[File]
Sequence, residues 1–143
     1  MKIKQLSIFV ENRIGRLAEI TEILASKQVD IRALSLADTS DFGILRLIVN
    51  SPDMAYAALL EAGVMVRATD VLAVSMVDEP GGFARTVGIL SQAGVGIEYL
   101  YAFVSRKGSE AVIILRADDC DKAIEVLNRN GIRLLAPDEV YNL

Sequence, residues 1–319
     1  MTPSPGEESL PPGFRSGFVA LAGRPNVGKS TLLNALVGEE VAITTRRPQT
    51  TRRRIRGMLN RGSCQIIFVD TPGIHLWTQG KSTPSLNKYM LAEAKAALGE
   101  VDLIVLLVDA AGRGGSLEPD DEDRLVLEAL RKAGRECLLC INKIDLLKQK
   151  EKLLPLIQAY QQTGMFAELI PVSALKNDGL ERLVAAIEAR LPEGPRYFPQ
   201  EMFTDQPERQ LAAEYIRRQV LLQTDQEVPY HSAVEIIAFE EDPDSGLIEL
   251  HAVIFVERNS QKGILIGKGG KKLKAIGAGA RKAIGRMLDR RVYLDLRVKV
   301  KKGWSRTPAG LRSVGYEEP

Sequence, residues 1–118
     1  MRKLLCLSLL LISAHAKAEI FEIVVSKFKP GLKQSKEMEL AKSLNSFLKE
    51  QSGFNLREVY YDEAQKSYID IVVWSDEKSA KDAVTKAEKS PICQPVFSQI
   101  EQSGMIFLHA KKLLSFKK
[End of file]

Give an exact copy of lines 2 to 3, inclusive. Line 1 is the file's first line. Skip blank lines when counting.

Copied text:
     1  MKIKQLSIFV ENRIGRLAEI TEILASKQVD IRALSLADTS DFGILRLIVN
    51  SPDMAYAALL EAGVMVRATD VLAVSMVDEP GGFARTVGIL SQAGVGIEYL